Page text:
Frobisher Says Review
Game: Frobisher Says
Publisher: Sony Computer Entertainment
Available on: PlayStation Vita Only
What up, Simon? Looks like your days of child glory are over. No longer will kids be forced to jump up and down on the spot and look like lunatic just because Simon told them to do so. Your reign of terror is over, taken instead by Frobisher, an interesting little creature that will make your children do far worse things than simultaneously pat their stomach and rub their belly.
Frobisher Says is a Vita title that is the latest in a series of light hearted games that follows the same mechanics as the WarioWare titles for Wii to the tee. By utilising what the PS Vita has to offer, you’ll be asked to complete a large variety of minigames to proceed through levels and complete in record time.
There are a large variety of minigames available too, no two games in Frobisher says feel the same. Whether you’re steering a vessel to their doom or scratching Frobisher’s back, you’ll be prodding the screen and swinging your Vita around like it’s got the plague, but you’ll never be doing the same thing twice.
Well, that’s a lie. Once you’ve completed all the tasks Frobisher has set for you in a certain round, the game will turn into a quickfire mode, where you’ll have to rush through all the tasks again, but with no count in. Frobisher will suddenly bark a command at you as you casually finish the last task, and it’s your own fault if you can’t keep up.
The gameplay isn’t the only charming thing about Frobisher Says. The style it’s presented in is, at first glance, incredibly crudely drawn pictures that not much effort has gone into, but after one or two games, you begin to realise that the game doesn’t take itself seriously in any number of ways. This is where the graphics work to an incredible level, the childish scrawls means nobody is going to be taken back by out of place HD. On top of that, they work intimately with the sound, which includes Frobisher’s manic laughs mixed among the ear wrenching plinks and clinks that make you grit your teeth, yet enjoy yourself at the same time.
Indeed, it seems like this is a game for anyone anywhere to pick up and play, yet I found myself withdrawn from the fact I was playing it. I instinctively tried to hide it when someone was looking over my shoulder without really knowing why, and it’s because underneath the childish charm that Frobisher holds is an incredibly odd underbelly.
I’m not saying it’s secretly a game with messages embedded within its interior, there’s just something about it that seems a bit manic. Whether it be Frobisher’s manic laugh along with having to scratch his back whilst only wearing his underwear, there’s parts that aren’t completely ‘okay’ about it. With its cheery, childlike exterior, I still wouldn’t be in a great rush to let my niece and nephew play it.
However, older friends and family were great, and if you’re a fan of the Bop It devices, Frobisher Says works in a similar way in that it asks you to complete a minigame and then pass it onto a friend in a circle of up to 12 until someone messes up. They are kicked out and it goes on until someone is left the winner. This mode is fantastic for a casual meet up with friends, allowing for casual conversation and a game thrown into the mix. It’s perfect for something that doesn’t require your full attention.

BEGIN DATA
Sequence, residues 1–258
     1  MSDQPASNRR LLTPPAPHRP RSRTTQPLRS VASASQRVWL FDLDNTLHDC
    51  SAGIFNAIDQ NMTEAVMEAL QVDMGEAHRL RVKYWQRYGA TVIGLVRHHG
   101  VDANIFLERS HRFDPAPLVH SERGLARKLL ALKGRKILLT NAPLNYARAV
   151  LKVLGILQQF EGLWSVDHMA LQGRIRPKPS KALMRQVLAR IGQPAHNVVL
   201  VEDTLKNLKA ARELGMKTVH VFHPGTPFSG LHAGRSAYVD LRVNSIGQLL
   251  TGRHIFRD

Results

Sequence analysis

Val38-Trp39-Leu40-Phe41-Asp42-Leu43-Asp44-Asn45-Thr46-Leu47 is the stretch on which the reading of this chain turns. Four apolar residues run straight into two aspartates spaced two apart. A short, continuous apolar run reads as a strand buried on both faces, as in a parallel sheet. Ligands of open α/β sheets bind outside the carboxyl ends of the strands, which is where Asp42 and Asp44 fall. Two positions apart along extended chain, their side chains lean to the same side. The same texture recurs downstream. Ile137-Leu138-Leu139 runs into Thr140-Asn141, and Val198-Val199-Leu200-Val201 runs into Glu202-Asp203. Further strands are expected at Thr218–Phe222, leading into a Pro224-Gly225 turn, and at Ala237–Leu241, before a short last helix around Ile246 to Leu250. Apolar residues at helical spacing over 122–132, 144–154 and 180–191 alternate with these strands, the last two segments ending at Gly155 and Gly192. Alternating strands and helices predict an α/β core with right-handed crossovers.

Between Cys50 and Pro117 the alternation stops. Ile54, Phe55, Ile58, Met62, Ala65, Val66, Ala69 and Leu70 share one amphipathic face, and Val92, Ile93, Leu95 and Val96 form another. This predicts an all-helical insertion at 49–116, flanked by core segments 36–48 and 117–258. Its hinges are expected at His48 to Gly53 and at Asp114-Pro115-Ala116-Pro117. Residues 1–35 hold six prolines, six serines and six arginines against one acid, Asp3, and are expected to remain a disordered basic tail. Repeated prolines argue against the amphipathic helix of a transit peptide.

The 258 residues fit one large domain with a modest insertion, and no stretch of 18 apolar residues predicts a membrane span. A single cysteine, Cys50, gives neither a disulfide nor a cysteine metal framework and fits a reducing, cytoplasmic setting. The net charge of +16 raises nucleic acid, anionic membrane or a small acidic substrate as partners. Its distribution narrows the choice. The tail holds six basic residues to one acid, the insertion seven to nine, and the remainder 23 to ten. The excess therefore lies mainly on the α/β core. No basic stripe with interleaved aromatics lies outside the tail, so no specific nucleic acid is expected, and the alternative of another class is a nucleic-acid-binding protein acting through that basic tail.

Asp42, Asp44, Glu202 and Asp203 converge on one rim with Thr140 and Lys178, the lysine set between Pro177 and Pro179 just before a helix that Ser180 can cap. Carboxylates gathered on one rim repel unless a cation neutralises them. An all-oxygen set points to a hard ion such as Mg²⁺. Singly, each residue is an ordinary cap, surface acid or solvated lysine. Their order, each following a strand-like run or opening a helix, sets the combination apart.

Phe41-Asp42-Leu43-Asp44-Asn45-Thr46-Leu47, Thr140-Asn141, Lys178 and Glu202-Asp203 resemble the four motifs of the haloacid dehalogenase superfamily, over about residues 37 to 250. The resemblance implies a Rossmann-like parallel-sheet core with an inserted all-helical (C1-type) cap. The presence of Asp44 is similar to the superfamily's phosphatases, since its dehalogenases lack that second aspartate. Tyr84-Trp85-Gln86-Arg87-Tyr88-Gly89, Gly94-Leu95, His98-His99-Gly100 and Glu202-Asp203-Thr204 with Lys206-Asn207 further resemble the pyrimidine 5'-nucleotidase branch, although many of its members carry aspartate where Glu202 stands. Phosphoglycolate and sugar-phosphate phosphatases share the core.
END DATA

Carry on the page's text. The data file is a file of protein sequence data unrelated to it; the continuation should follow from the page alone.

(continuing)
As crazy as Frobisher Says! is, you can almost guarantee that you’ll be laughing from the very moment you start the game to the moment you turn it off because you’ve just realised that you’ve been running around your humble abode for the last five minutes trying to find something blue just because “Frobisher Says!”. As repetitive as some of the games can become, when you’ve played through them a couple of times, you will hardly ever find yourself without a smile on your face while playing. There’s a lot to laugh about even watching somebody else playing the game, watching them run around doing what Frobisher tells them to do, screaming as they can see their time running away but they can’t find the right amount of light to play the ‘smile for the camera’ mini game. There’s no point in beating around the bush, Frobisher Says! is absolutely hilarious; perhaps because the voice of Frobisher is Kevin Eldon (of I’m Alan Partridge and even Hot Fuzz fame), or maybe just because it’s 110% mental.
If you want to take the game seriously though, there’s plenty of room for that too. Take to the leaderboards and try to beat the fastest time by racing through the challenges that are set.
VERDICT: It’s the fact Frobisher Says takes such an easy going casual approach that makes it the game it is. It doesn’t need your approval, because it’s simply a game to have fun on, and it knows that.
That being said, with 50 minigames sounding like a lot, Frobisher Says can get boring very quickly. Leaderboards are the only thing keeping you playing the single player mode for any extended period of time, so anyone not interested in it may find the game becomes tedious after only a few playthroughs. Once you’ve played the games once, there really isn’t much else to do.
Mixed with the weird vibe of steering vessels to the mouths of hungry sea creatures and poking otters in the face, I can see Frobisher Says actually turning some people away, but not enough to make a huge impact. Without really studying the minigames in depth, they just appear to be fun, tricky puzzles.
What keeps Frobisher fresh in my mind is the expertly executed use of such a crude style that really fits the mainframe of the genre. If you’re someone that doesn’t get bored easily, then you’ll find Frobisher giving you many hours of entertainment. If you like deeper games, then you’ll definitely need to look elsewhere.